Superiority Syndrome

“Superiority syndrome” was a phrase that my professors in St. Petersburg liked to use to describe foreigners who come into Russia and decide to “teach” them how to live, do business, etc.  According to them, that is a very, very bad thing.  Then some random person who apparently is very bitter commented “I’ve read a few of your blogs.  You seem like the typical spoiled American.  You’ll make a perfect middle manager at Starbucks.”  Which lead me to ask myself: “Hmm, am I a spoiled American with a superiority complex?”  Damn right I am.  And I (obviously) don’t think it’s a bad thing.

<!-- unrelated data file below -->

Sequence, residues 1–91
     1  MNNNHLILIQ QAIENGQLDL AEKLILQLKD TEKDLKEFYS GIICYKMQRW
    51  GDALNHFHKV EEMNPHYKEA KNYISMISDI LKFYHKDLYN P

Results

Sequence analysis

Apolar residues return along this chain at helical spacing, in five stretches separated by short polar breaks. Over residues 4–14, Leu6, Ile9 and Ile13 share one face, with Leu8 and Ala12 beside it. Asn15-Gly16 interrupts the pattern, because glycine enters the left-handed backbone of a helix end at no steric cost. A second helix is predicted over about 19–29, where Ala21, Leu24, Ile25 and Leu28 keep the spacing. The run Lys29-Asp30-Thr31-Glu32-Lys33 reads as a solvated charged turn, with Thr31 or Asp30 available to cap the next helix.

As far as being spoiled:  is it my fault I was born and raised in a first world country where hygeine, security, and freedom are considered necessities, not luxuries?  Where people generally make enough money to have comfortable lives?  Where we can drink tap water, have one stop shopping, and live in relatively clean areas with a government that doesn’t blatantly try to control every aspect of our lives?

And the superiority complex thing:  is it really a “complex” if your standard of living really is better, and the way you do business benefits more than just a few oligarchs?  I don’t think so.

One thing this trip to Russia has made me realize is just how lucky I am to be an American.  If non-Americans think that makes me automatically spoiled and a know-it-all, well, everyone’s entitled to their own opinions.

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